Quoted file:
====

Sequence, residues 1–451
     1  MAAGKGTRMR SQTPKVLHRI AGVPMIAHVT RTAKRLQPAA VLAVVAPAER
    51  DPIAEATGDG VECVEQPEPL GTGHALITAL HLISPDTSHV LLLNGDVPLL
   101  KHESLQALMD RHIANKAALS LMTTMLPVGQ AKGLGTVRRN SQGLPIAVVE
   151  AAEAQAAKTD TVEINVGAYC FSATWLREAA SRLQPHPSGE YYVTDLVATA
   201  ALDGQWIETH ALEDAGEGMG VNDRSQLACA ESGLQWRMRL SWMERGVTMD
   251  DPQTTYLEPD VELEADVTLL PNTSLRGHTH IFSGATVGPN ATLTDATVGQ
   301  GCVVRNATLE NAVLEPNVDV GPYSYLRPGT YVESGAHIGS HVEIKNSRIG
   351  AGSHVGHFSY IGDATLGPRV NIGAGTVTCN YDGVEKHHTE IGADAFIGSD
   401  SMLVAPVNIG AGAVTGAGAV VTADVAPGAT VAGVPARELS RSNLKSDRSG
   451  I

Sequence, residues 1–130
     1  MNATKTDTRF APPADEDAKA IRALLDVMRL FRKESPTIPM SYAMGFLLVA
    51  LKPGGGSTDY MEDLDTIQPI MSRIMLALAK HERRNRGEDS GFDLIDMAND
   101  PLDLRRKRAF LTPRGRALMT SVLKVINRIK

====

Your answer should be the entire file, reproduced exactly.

Sequence, residues 1–451
     1  MAAGKGTRMR SQTPKVLHRI AGVPMIAHVT RTAKRLQPAA VLAVVAPAER
    51  DPIAEATGDG VECVEQPEPL GTGHALITAL HLISPDTSHV LLLNGDVPLL
   101  KHESLQALMD RHIANKAALS LMTTMLPVGQ AKGLGTVRRN SQGLPIAVVE
   151  AAEAQAAKTD TVEINVGAYC FSATWLREAA SRLQPHPSGE YYVTDLVATA
   201  ALDGQWIETH ALEDAGEGMG VNDRSQLACA ESGLQWRMRL SWMERGVTMD
   251  DPQTTYLEPD VELEADVTLL PNTSLRGHTH IFSGATVGPN ATLTDATVGQ
   301  GCVVRNATLE NAVLEPNVDV GPYSYLRPGT YVESGAHIGS HVEIKNSRIG
   351  AGSHVGHFSY IGDATLGPRV NIGAGTVTCN YDGVEKHHTE IGADAFIGSD
   401  SMLVAPVNIG AGAVTGAGAV VTADVAPGAT VAGVPARELS RSNLKSDRSG
   451  I

Sequence, residues 1–130
     1  MNATKTDTRF APPADEDAKA IRALLDVMRL FRKESPTIPM SYAMGFLLVA
    51  LKPGGGSTDY MEDLDTIQPI MSRIMLALAK HERRNRGEDS GFDLIDMAND
   101  PLDLRRKRAF LTPRGRALMT SVLKVINRIK